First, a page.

From the Milky Way's halo to the far reaches of the cosmos, the two dominating components of the universe are revealing more hints about themselves.
A team of astronomers claim to have the most compelling case for annihilating dark matter yet.
Dark matter was discovered 80 years ago when astronomer Fritz Zwicky spied a galaxy cluster whirling so fast, the galaxies were bound to fly apart unless something — something less luminous than ordinary stars or gas — held them together. Decades later, the scientific community concedes the existence of dark matter, after many different kinds…
A team of theoretical physicists thinks a fifth force could explain an anomaly spotted in a nuclear physics experiment. If true, it could have huge ramifications for particle physics and dark matter — but that’s a pretty big if.
Three potential detections from deep underground could be from dark matter particles. While still uncertain, the result suggests a particle mass in keeping with hints from several other experiments.
Dozens of galaxy clusters confirm that dark matter particles slip right past each other within messy cluster mergers.
Dark matter in the "Train Wreck" galaxy cluster (Abell 520) appears to behave in unusual ways. Now, new Hubble images are heating up the debate.
A new analysis showing a cloud of high-energy particles hovering around the center of the Milky Way could be the signature of dark matter and evidence of a “dark force”, but not everyone is convinced.
A new study of six young, star-forming galaxies suggests they have less dark matter than expected. But the results may say more about galaxy evolution than about the nature of dark matter.
Two projects are mapping the distribution of dark matter in the universe, probing scales both large and small.
Astronomers have discovered a spike of X-ray emission in galaxy clusters — “ordinary” interpretations don’t hold up, so some are turning to dark matter for answers.
Astronomers have found a set of new dwarf galaxy candidates near the Milky Way Galaxy, a discovery crucial to understanding dark matter.
An intensive study of dark matter’s distribution in the universe has verified predictions of where the invisible stuff that makes up the majority of cosmic matter resides.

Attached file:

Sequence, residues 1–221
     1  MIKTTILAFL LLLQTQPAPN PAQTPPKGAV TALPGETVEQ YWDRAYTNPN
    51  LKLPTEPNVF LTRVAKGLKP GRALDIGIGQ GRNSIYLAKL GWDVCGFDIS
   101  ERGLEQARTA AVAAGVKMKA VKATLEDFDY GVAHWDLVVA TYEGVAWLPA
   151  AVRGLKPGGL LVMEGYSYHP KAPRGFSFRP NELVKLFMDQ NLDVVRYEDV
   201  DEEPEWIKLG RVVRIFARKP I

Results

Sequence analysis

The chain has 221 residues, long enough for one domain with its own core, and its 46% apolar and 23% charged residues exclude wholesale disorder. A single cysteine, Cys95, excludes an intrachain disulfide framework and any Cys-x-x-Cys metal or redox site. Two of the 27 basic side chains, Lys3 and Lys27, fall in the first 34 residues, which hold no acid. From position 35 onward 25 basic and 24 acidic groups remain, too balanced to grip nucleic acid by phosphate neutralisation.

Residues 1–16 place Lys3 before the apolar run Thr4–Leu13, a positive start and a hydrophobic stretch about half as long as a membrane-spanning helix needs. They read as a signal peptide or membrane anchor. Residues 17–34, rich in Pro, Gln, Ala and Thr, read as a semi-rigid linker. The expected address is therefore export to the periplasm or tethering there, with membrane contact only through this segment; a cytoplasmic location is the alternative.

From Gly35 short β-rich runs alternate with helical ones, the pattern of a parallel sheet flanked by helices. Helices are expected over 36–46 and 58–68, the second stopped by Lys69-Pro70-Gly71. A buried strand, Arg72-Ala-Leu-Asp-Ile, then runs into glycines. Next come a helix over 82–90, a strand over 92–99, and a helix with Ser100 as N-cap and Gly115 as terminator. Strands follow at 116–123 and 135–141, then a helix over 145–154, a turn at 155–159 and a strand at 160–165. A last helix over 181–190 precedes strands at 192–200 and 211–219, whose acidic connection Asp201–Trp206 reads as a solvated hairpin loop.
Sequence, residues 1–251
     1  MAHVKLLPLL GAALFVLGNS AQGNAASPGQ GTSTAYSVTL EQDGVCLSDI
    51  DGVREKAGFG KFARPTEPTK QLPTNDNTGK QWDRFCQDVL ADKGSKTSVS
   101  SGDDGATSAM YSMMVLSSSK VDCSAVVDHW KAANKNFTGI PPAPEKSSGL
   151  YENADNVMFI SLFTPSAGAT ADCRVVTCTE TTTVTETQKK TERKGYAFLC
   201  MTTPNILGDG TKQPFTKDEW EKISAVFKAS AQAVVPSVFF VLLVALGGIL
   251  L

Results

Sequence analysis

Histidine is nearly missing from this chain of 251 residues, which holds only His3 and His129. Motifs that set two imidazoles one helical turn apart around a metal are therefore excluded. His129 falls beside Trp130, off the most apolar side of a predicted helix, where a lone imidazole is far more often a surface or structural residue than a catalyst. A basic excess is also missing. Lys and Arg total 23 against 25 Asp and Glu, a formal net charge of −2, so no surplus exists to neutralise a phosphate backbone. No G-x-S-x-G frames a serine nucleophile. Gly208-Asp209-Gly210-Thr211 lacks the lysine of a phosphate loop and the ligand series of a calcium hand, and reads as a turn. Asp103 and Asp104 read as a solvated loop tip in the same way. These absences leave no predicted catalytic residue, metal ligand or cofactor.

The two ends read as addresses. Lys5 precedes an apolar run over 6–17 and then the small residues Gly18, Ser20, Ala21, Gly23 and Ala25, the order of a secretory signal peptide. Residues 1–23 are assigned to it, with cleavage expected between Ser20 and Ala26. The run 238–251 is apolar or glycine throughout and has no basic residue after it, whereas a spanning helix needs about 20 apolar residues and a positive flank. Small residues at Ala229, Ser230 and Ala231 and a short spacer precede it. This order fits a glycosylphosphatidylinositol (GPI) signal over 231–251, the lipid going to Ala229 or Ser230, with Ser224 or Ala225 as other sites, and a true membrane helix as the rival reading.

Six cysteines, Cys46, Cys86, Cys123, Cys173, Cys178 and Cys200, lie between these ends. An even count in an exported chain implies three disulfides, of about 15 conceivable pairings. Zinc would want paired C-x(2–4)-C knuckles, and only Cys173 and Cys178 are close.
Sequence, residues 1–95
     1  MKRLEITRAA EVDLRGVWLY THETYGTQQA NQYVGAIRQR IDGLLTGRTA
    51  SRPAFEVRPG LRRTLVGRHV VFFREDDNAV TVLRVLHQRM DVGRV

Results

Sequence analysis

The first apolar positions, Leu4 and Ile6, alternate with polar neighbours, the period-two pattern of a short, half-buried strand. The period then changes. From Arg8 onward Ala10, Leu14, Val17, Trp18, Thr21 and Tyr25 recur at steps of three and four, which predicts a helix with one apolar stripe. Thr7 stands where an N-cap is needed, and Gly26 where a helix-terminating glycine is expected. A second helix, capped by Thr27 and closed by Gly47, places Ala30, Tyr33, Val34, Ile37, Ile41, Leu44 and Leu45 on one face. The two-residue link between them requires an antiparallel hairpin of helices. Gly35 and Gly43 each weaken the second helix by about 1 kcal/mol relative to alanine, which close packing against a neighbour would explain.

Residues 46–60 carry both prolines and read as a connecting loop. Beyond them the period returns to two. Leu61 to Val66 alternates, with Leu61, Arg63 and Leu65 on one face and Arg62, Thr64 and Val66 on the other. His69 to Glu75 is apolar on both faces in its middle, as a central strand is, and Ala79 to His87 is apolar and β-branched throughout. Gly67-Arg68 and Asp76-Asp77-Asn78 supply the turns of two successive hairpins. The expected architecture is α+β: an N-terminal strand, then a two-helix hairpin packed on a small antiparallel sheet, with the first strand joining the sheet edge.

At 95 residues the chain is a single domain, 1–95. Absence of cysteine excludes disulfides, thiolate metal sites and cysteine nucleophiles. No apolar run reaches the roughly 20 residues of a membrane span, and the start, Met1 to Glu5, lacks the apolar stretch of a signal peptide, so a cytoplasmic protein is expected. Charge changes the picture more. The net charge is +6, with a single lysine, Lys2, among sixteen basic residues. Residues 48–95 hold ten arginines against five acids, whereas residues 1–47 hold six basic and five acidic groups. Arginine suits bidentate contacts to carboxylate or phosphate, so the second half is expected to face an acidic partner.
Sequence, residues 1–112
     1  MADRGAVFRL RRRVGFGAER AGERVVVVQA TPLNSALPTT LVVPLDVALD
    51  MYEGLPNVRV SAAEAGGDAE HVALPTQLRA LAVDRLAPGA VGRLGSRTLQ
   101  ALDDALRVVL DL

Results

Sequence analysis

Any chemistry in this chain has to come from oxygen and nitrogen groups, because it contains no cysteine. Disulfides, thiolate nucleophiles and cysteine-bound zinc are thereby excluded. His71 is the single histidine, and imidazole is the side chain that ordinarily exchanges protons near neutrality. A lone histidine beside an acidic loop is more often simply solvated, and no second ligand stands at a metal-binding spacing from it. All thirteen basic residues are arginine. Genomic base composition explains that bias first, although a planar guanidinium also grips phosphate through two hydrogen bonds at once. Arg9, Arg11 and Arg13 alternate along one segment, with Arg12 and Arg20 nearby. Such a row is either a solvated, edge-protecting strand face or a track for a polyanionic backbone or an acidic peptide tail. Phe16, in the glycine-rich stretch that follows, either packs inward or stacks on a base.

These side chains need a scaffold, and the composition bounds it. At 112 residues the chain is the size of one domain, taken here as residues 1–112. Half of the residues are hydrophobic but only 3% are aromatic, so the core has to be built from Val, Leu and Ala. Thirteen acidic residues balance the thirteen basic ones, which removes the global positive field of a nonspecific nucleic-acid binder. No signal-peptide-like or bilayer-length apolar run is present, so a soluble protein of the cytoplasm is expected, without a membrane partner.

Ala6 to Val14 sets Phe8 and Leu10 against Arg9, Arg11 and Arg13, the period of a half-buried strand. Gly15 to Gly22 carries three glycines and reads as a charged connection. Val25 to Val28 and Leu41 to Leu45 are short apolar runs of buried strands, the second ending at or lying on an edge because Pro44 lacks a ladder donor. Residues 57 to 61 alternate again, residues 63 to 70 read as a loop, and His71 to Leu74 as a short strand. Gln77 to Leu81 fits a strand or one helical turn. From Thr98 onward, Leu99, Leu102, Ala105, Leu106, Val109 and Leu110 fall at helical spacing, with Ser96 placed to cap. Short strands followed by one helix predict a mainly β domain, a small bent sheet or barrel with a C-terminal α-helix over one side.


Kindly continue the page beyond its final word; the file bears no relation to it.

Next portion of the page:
An underground detector reports zero detections of weakly interacting massive particles (WIMPs), the top candidate for mysterious dark matter.
Astronomers analyzing a new sky survey have found that the distribution of dark matter in the modern universe is smoother than predicted from observations of a far younger universe.
Scientists using an instrument aboard the International Space Station have measured a signal that might come from dark matter — or might not.
A simple experiment has detected a signal from the first stars forming just 180 million years after the Big Bang. The observations have intriguing implications for the nature of dark matter.
The Antarctic observatory known as IceCube has ruled out the existence of a fourth type of neutrino particle — and one-time dark matter contender — known as the light sterile neutrino.
A combo of Hubble and Gaia data reveal the distribution of dark matter in a tiny galaxy by tracking the galaxy’s stars.
Three astrophysicists discuss preparations for three recently funded dark matter experiments, and the likelihood that one of them will strike gold.
Satellite dwarf galaxies orbiting the Milky Way should help scientists better grasp the universe's evolution while also homing in on dark matter's identity.
Our galaxy's center region is producing gamma rays, but astronomers are still debating whether pulsars or dark matter are the source. Three recent studies tackle the debate head-on.
Two recent experiments limit physicists’ favorite candidate for the elusive and invisible matter lurking in the universe.